Shingles by Stan Wasbin, M.D.
What would life be without a little mystery? I often ask this rhyming question in response to the endless unknowns that riddle the field of medicine. Herpes zoster, also known as shingles, is reactivated chickenpox. Why would a virus residing near the spinal cord — but quiescent for decades — suddenly re-emerge to cause a painful and sometimes dangerous eruption on the body’s surface? While science often is able to answer questions concerning “Who? Where? How? and What?,” it seems ill-equipped to answer the question “Why?”
Yet the quest to understand nevertheless prompts us to wonder “Why?” In the case of shingles, why is this condition growing more prevalent in our country — and, at a time when a vaccine is in use to prevent attacks? And, why does a shingles attack leave its victim with an increased risk of stroke during the next six months? According to The Journal of the American Medical Association (June 11, 2014, p. 2263), the risk is highest in the first month after a shingles episode, when the patient is 63% more likely to suffer a stroke.
While doctors often are unable to answer why questions, we still can offer useful advice when it comes to shingles:
- An antiviral drug (like Valtrex) can hasten the resolution of shingles, and the sooner it has begun, the stronger the effect. Moreover, taking this drug for an acute attack of herpes zoster, confers some protection against the increased risk of stroke during the ensuing six months.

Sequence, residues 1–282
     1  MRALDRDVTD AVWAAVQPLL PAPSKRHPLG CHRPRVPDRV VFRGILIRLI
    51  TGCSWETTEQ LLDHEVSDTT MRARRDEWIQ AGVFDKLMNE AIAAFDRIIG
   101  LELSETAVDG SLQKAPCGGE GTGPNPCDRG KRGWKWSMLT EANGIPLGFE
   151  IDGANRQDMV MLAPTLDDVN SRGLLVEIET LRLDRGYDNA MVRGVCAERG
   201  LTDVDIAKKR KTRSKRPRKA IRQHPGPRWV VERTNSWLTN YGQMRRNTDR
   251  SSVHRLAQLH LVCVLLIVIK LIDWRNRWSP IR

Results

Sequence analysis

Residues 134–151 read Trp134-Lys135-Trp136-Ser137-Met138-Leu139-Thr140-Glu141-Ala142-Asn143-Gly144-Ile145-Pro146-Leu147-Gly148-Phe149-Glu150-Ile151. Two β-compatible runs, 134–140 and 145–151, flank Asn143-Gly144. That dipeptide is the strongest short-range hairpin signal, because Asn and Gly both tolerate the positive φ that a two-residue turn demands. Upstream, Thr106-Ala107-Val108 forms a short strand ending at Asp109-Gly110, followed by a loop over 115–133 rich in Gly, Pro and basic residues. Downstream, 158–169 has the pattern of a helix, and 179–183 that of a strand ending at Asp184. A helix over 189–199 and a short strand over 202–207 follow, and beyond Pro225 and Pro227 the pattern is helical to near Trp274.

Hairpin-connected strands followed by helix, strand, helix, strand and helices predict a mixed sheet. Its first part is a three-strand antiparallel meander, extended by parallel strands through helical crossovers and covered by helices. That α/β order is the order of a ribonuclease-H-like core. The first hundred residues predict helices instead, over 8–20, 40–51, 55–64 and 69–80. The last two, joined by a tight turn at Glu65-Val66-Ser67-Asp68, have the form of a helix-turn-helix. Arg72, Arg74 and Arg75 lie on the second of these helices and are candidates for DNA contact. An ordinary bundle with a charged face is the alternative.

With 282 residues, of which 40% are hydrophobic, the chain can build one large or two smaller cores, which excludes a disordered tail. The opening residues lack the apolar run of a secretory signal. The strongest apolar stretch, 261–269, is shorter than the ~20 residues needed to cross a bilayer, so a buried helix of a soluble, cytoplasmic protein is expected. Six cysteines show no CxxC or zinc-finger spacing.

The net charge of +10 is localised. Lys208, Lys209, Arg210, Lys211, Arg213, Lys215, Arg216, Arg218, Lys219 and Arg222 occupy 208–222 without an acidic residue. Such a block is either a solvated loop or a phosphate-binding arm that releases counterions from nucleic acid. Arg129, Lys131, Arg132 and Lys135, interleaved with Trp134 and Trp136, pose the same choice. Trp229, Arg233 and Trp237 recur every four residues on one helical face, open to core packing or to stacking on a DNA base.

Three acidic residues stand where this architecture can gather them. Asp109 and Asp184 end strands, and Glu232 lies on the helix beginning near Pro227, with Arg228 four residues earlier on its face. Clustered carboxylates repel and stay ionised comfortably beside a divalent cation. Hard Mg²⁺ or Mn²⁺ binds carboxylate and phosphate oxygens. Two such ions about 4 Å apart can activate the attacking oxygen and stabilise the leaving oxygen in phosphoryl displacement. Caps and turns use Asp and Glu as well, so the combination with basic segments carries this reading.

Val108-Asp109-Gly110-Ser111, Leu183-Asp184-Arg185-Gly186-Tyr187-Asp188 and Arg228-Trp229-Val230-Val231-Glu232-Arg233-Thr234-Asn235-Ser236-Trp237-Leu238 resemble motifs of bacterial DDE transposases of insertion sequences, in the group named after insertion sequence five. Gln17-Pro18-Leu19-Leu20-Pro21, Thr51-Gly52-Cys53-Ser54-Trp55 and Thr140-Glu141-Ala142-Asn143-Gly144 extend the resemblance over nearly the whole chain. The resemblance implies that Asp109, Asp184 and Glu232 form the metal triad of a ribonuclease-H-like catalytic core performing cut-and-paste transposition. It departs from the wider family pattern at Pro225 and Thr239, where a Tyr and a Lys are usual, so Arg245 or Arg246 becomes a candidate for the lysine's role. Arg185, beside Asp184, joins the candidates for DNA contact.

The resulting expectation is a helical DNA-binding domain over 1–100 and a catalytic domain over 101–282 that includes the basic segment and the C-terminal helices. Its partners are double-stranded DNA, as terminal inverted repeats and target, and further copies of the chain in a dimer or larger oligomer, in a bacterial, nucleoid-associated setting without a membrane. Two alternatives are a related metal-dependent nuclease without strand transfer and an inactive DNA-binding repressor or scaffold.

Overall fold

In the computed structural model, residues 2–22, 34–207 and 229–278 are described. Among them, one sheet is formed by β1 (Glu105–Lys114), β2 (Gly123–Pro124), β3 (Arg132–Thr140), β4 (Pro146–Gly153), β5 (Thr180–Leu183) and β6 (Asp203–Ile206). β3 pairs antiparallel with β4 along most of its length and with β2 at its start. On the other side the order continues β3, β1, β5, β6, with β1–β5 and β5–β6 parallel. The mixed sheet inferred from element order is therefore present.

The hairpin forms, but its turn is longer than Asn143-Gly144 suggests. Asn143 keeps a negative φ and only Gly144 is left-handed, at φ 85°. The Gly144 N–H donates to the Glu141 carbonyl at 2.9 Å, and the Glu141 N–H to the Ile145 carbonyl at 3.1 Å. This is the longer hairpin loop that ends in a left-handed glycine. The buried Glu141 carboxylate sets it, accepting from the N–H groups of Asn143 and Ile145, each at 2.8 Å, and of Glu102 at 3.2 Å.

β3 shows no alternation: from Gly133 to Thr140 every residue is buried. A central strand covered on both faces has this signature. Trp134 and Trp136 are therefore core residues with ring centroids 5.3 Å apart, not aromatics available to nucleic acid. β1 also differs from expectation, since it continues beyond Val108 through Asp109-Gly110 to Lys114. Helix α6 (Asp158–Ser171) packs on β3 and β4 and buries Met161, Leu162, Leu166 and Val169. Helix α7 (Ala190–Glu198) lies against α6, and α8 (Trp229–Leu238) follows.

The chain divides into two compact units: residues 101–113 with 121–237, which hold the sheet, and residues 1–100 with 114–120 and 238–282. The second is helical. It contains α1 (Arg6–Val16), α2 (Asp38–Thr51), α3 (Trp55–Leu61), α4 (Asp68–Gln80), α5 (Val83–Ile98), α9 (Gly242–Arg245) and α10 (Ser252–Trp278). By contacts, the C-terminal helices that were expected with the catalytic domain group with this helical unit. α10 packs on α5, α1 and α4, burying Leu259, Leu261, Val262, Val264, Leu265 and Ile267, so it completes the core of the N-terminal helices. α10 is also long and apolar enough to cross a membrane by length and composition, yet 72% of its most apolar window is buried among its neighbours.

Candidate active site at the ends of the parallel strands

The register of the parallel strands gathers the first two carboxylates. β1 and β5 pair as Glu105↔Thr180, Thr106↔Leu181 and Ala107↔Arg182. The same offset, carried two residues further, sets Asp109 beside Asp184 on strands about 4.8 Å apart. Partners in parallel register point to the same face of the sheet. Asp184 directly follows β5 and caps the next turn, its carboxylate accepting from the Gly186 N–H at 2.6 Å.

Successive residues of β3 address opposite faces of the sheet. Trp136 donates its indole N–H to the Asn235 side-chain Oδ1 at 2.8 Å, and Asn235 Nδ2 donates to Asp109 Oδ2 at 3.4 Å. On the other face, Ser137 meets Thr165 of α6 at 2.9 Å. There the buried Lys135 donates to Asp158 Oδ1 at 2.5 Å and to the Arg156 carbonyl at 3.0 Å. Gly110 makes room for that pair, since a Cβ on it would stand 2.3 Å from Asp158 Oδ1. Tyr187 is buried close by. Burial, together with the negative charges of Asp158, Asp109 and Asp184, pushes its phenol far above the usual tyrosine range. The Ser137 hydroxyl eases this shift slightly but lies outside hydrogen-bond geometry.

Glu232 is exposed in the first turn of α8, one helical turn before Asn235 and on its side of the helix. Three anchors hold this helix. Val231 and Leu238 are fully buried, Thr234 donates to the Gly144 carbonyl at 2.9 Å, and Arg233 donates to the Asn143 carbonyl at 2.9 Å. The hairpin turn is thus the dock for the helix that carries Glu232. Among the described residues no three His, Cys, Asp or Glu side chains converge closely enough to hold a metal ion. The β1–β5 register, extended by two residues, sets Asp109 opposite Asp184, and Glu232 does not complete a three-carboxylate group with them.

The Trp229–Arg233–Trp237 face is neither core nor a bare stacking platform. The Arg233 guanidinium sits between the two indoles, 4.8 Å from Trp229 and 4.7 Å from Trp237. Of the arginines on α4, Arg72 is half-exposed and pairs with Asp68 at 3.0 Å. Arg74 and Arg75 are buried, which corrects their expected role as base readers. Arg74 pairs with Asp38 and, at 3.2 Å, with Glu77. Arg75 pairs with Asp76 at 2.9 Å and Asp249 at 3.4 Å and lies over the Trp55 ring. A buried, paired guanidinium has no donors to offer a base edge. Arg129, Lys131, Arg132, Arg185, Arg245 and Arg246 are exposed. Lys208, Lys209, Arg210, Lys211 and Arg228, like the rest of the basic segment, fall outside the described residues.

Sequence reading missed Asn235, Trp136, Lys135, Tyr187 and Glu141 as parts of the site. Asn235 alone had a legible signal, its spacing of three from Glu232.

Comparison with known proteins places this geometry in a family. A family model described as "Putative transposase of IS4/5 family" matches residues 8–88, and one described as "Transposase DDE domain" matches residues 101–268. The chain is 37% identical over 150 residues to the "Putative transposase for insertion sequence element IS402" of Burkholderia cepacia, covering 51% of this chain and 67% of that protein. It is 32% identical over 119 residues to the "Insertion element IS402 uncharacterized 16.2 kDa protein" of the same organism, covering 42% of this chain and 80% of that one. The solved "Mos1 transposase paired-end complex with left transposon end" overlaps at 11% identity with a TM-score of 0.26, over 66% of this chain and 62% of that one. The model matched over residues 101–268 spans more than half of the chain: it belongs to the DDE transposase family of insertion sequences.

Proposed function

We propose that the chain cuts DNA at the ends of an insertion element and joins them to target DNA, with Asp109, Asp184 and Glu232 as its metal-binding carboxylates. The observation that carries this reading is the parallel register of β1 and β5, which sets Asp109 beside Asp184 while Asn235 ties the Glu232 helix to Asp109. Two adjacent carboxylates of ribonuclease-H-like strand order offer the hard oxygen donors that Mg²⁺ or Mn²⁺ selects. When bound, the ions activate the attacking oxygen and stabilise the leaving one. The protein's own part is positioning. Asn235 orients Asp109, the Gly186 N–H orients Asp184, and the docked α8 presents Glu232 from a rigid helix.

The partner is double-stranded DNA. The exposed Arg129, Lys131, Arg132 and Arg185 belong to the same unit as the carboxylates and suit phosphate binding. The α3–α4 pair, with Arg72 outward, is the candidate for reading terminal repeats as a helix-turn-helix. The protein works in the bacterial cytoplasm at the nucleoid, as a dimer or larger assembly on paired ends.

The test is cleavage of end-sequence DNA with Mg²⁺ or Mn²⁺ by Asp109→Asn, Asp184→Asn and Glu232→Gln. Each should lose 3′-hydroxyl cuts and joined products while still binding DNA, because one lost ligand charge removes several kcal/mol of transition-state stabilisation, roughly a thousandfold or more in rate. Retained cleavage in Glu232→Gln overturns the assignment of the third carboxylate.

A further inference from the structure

- A single shot of the shingles vaccine, which can be given as early as 50 years of age, offers some protection against the illness, and even better protection against one of the dreaded complication of shingles: post-herpetic neuralgia, horrible pain that persists long after the shingles rash has disappeared.
The information provided is for general interest only and should not be misconstrued as a diagnosis, prognosis or treatment recommendation. This information does not in any way constitute the practice of medicine, or any other health care profession. Readers are directed to consult their health care provider regarding their specific health situation. Marque Medical is not liable for any action taken by a reader based upon this information.